The value focused hedge fund manager told clients it established a number of new positions in the fourth quarter, including one that instantly landed among its top-five holdings, according to the fourth quarter letter from his hedge fund firm, Greenlight Capital, and obtained by Institutional Investor.
However, the hedge fund has not publicly identified the company “because we are still buying it,” according to the letter.
Einhorn — who never signs the letters but clearly writes them — did not disclose any other information about the company.
Greenlight disclosed two new medium-sized positions — Alight and Viatris — and one small position in Belgium-listed Syensqo.
As II earlier reported, Greenlight gained 22.1 percent in 2023, despite losing 4.3 percent in the fourth quarter. The firm conceded it was positioned conservatively heading into the fourth quarter when Federal Reserve Chairman Jay Powell announced that he may be preparing to cut interest rates.
Greenlight described Alight as a software-based provider of health and wealth benefits and payroll solutions for large companies. It noted the company recently underwent “a significant cloud-based platform upgrade” and has successfully grown revenues and profits.
“The business is much higher quality than most that meet our disciplined valuation criteria,” Greenlight stressed, noting that customer retention is roughly 98 percent and margins “are healthy.”
“We believe that the efficiency of this new platform will enable further cost cutting, leading to improved cash flows that can be used to pay down debt and repurchase shares,” Greenlight added. The firm said it paid an average price of $7.98 per share.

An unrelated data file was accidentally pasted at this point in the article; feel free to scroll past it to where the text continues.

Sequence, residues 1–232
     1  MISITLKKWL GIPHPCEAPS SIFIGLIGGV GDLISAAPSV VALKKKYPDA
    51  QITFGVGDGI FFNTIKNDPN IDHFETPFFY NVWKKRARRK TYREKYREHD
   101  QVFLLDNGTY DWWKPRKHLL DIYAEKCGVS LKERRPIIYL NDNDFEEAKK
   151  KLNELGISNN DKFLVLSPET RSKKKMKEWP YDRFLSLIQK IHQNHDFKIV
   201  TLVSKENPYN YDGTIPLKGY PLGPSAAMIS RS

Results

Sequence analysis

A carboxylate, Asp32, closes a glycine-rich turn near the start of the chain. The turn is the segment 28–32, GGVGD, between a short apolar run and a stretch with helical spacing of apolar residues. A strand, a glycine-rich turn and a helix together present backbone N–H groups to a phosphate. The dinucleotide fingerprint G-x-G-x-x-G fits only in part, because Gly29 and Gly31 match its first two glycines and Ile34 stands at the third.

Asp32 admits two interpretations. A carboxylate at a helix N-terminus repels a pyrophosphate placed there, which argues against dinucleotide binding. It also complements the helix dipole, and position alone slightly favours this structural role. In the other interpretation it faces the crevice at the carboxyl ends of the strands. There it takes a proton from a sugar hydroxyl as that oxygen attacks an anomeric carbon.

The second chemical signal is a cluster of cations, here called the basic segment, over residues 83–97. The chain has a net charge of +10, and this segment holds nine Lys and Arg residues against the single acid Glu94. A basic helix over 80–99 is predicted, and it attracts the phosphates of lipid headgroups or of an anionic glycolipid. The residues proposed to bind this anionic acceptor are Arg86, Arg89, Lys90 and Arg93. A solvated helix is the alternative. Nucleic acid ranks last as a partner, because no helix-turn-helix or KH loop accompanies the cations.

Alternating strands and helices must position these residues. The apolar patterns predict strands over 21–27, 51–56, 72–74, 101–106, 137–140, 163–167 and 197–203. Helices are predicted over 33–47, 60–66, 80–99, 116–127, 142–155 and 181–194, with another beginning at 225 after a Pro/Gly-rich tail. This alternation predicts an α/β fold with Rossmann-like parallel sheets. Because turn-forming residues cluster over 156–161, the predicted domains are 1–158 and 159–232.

Viatris is a generic drug maker created after the 2020 merger between Mylan and a division of Pfizer.
Greenlight said generic drug pricing has stabilized after a rough period and competition has declined. Meanwhile the company’s revenue and cash flow are growing “and we expect this improvement to accelerate,” it added. Greenlight paid an average price of $10.63 per share.
Syensqo is a chemicals company spun out of Solvay last month. Greenlight called it a global leader in specialty polymers whose products are used in automotive, electronics, healthcare, and other markets. Greenlight paid an average price of 92.32 euros per share.
Greenlight also said it bought small positions in two exchange traded funds of defense stocks “in response to the worsening geopolitical situation.”
“The ongoing wars are depleting ammunition stock piles,” it explained. “We believe this sector is likely to perform well due to both possible escalation of hostilities and the need to replenish ammunition.”
Greenlight conceded that prices have subsequently declined.
At the same time, Greenlight closed out its position in Activision Blizzard, which was acquired by Microsoft, noting its internal rate of return (IRR) was 58 percent.
It also sold its iShares Silver Trust at a “modest loss” and exited Southwestern Energy, which it said was “about flat.”
In the fourth quarter, Greenlight became a Commodity Pool Operator and registered with the U.S. Commodity Futures Trading Commission, according to the letter.
“We chose to register as we were previously limited as to the size of our futures and commodity-linked positions and we were routinely managing our exposures over the past few years to stay within that limit,” Greenlight explained in the letter. “Registering gives us the flexibility to invest as we see fit.”
The firm stressed, however, that it does not expect registration to cause a material change in portfolio construction, but rather enable the firm to better execute its existing strategy.